If you eschew the k-cup– you are a soldier in the generations-long war over how coffee should be brewed in your home.
In 2014, Keurig sold 9 billion k-cups. That’s enough little white pods to circle the Earth more than 10 times.
While millions of Americans have given in to the convenience of the Keurig coffee maker, millions of others steadfastly refuse to entertain the notion of having the device in their homes.
Notwithstanding any recent political strife, “The coffee doesn’t taste as good” and “the little cups are just too expensive” are among the common arguments against the Keurig. These folks, it’s understood, are happy with the good ol’ automatic drip machine they’ve had for generations.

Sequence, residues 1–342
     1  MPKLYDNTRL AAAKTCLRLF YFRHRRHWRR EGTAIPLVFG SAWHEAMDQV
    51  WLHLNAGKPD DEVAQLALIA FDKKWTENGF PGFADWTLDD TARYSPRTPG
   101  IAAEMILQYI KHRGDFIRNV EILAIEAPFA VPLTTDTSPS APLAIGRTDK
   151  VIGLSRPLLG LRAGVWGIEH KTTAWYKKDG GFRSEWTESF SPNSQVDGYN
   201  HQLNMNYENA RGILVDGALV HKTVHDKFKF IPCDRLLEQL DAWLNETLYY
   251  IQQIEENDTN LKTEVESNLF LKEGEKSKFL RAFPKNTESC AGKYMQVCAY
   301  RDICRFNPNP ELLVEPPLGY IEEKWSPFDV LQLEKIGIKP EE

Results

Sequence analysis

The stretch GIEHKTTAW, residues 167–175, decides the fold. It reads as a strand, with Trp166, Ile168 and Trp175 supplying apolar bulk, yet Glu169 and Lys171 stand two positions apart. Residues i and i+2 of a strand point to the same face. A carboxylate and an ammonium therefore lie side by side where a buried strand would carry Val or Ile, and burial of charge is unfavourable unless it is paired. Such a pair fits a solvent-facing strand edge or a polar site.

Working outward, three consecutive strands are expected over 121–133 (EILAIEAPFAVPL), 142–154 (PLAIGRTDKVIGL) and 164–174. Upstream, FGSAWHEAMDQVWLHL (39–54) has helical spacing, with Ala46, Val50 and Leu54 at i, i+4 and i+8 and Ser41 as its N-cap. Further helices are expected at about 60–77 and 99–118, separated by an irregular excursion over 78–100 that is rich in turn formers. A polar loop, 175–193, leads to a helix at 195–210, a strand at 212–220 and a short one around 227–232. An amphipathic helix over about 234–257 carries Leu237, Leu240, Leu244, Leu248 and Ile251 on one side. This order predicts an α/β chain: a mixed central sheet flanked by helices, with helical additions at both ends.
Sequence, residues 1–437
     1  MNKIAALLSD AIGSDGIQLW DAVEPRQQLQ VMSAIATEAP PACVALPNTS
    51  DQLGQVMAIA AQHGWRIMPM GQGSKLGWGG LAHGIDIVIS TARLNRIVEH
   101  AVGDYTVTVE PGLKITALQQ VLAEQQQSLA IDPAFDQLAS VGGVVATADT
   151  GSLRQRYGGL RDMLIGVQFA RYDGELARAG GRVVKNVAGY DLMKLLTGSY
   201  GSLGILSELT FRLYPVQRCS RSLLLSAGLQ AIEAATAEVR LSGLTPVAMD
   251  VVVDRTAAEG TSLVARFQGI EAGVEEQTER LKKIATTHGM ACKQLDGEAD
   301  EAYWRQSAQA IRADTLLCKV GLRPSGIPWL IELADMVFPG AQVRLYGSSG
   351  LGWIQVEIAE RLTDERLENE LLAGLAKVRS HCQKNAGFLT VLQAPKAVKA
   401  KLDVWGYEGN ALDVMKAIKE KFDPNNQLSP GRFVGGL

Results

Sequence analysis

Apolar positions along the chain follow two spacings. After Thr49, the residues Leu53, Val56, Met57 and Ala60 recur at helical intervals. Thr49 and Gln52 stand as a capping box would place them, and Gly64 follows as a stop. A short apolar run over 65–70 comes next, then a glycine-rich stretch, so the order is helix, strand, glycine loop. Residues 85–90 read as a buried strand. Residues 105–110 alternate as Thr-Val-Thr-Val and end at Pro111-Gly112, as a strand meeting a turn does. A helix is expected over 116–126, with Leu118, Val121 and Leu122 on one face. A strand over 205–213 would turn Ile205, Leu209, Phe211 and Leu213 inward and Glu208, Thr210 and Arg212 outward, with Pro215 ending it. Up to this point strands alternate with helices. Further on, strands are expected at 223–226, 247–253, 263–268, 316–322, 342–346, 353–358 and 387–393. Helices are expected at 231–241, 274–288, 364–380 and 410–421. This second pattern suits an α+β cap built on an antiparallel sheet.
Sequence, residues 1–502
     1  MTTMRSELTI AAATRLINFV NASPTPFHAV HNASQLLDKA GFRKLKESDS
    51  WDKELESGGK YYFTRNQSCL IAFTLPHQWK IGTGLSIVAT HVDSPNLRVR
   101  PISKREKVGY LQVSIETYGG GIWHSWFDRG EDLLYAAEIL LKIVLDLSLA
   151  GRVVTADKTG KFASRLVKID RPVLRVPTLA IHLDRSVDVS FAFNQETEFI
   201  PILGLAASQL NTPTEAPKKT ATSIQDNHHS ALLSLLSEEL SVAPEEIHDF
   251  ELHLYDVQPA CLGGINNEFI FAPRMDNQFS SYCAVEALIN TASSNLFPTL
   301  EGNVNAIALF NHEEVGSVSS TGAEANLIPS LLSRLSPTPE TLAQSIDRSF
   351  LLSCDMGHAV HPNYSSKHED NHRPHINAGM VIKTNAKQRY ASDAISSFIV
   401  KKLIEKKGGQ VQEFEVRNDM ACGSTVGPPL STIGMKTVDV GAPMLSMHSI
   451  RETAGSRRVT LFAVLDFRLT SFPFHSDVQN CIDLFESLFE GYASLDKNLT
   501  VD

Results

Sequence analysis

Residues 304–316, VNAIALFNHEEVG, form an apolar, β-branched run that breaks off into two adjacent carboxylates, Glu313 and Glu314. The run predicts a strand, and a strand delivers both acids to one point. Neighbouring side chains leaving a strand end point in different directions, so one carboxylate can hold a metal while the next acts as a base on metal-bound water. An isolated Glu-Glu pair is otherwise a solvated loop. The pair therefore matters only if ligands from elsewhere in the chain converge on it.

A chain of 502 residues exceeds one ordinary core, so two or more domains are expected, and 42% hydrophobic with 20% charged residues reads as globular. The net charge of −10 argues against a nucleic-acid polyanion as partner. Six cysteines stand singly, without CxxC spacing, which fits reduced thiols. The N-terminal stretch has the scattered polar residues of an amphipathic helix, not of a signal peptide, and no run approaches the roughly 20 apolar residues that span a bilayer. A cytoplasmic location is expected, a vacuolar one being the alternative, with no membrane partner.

It’s a same-as-it-ever-was argument that seems to happen once a generation lately.
It was only 40 years ago when old line caffeine addicts were fighting the original home automatic machine, Mr. Coffee.
“Coffee tastes better in a percolator,” you’d hear people say, who’d also complain about the cost of the machine, as well as the extras, like filters.
But even among the fans of percolated coffee, there were those who couldn’t imagine the extravagance of an electric percolator in their kitchen. Their stove top model worked just fine, thank you.
These days, a good Keurig machine can be had for about $100. In this 1975 AM&A’s ad, the Mr. Coffee brewer is on sale for $29.99. The regular price of $39.99 is about $177 in 2017 dollars, according to a federal government inflation calculator.
Over the last 40 years, what was luxurious has become common place.